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Does Deuteronomy 22:1-3 apply to stray dogs?

Question:

Hello! Deuteronomy 22:1-3 teaches that if you come across your brother’s lost ox, sheep, donkey, cloak, etc., you must return it, even if you do not know the one who owns it. Does this mean that if I see a stray animal such as a dog with a collar, that I’m required to approach it, check the tag, and locate the owner? What if I live with my parents, and they’ve told me to stay away from stray dogs due to them being potentially dangerous? Would the fact that I should obey my parents or that the house in which I’d keep the animal belongs to my parents, override/exempt me from needing to approach stray dogs, or would Deuteronomy 22:1-3 override such concerns to the extent that I must go against my parents?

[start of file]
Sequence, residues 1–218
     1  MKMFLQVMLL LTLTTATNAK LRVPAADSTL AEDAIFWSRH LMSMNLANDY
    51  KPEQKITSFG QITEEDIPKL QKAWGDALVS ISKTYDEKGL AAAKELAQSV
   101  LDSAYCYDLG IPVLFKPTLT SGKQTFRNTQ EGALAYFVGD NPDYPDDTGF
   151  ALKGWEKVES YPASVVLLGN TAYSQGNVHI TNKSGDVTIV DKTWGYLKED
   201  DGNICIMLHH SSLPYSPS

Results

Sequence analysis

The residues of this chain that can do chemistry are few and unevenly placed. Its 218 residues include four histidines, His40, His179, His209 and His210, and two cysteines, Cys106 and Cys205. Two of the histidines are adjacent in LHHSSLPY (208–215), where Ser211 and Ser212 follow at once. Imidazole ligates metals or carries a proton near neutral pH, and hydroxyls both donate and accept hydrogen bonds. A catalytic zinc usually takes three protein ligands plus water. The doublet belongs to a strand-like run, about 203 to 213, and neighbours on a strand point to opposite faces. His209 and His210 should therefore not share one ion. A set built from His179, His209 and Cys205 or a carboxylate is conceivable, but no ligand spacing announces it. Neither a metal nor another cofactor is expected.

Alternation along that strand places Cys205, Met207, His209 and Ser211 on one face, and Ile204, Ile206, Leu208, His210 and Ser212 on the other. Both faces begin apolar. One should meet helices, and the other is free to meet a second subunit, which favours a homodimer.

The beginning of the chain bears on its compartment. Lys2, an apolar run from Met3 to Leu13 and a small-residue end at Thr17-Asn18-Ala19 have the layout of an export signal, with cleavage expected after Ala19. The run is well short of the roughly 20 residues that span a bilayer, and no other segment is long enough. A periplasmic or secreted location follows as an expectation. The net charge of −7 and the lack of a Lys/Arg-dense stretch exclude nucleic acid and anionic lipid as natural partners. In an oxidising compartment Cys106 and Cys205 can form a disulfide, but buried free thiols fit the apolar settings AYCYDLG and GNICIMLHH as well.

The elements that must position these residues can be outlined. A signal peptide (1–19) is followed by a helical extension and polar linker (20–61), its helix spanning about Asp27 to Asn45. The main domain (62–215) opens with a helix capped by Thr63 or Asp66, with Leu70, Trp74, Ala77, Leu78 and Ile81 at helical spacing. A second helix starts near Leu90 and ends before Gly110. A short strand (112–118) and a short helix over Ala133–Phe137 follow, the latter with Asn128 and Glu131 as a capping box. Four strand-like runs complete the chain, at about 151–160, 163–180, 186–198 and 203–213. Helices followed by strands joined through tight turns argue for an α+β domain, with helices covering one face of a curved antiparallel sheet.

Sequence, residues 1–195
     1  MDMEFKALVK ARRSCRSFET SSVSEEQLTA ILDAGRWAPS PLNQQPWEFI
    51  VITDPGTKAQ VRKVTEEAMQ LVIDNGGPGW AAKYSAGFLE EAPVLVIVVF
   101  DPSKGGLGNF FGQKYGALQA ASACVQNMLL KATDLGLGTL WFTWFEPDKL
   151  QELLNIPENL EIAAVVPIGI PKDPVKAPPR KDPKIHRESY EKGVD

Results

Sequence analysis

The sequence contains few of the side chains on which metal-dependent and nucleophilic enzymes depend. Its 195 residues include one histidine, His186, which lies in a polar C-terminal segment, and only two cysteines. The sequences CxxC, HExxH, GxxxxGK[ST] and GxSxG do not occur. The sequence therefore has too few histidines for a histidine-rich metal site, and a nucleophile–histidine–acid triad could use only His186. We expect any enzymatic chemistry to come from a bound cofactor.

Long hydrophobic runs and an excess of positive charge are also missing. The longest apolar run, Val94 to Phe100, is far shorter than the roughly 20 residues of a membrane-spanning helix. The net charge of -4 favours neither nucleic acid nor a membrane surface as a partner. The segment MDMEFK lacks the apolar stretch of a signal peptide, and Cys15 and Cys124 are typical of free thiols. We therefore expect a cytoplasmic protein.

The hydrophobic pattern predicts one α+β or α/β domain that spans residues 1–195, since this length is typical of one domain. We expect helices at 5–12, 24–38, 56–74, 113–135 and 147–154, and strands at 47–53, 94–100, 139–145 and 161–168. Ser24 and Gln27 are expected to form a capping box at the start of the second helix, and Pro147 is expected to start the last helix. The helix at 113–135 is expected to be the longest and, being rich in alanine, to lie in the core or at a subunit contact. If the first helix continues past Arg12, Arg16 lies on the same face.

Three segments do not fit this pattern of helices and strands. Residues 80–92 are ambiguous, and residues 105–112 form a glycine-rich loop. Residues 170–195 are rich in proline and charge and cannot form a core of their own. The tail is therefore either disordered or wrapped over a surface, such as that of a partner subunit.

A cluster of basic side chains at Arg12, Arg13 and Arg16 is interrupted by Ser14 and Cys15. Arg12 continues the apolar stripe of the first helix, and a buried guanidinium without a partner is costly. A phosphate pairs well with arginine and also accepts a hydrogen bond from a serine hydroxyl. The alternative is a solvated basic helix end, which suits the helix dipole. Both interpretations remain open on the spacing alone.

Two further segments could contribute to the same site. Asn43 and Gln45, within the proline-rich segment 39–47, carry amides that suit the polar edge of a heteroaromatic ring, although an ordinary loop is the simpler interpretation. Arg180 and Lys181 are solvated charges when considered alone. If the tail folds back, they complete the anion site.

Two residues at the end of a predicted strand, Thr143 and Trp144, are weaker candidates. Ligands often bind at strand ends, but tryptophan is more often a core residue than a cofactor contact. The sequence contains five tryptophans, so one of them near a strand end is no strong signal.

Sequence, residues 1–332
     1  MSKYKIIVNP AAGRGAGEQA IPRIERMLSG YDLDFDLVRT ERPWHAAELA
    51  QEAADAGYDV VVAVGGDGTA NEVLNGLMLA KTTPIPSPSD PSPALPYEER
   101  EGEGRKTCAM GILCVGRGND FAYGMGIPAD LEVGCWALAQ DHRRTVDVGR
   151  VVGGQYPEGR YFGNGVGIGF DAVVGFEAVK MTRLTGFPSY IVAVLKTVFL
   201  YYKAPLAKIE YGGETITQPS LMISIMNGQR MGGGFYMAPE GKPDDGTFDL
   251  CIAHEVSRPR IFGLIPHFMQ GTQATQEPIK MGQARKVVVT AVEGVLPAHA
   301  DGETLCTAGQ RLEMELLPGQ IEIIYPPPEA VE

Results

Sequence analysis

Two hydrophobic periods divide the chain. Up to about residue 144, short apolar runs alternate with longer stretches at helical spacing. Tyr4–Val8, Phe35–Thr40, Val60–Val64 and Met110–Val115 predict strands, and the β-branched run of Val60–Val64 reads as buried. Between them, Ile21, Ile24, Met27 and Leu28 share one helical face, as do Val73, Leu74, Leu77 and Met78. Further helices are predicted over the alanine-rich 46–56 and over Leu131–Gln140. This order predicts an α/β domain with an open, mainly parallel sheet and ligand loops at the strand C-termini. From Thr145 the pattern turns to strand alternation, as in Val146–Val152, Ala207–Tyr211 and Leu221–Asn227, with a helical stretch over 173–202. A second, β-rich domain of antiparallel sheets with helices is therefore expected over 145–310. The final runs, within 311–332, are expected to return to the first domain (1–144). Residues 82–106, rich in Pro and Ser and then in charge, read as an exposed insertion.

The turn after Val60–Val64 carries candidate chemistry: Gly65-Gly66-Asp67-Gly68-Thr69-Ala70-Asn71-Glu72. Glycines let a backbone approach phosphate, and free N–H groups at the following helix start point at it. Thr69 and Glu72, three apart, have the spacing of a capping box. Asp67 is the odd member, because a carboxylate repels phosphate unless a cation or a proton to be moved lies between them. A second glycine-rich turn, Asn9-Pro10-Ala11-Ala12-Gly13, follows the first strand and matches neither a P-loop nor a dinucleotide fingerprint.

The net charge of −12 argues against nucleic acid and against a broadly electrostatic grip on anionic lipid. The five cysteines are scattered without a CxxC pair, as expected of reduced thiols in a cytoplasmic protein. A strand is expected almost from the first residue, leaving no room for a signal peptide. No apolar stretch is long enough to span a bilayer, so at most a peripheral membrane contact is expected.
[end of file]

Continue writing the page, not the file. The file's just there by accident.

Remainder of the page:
Answer:

Hello,

You would not have to approach the stray dog, in order to return in. Tis is for a a number of reasons. Firstly, the dog is most probably owned by a non-Jew, and we are not commanded to return it. Secondly, if the dog can damage you, or cause you a monetary loss (if the person gets bitten) you are not obligated to take a loss, in order to return the dog.

Sources:

שולחן ערוך הרב חושן משפט הלכות מציאה ופקדון סעיף לג “אבל אינו חייב להוציא ממון על זה אלא אם כן ידוע לו בבירור שחבירו ישלם לו מעצמו. לפיכך אין חיוב השבת אבדה חל על מי שהוא בעל עסק בין במלאכה בין בחנות או בשאר משא ומתן בענין שעל ידי טרחו בהשבת אבדה יגיע לו איזה הפסד מניעת הריוח ושמא לא יחזירנו לו בעל האבדה:

 

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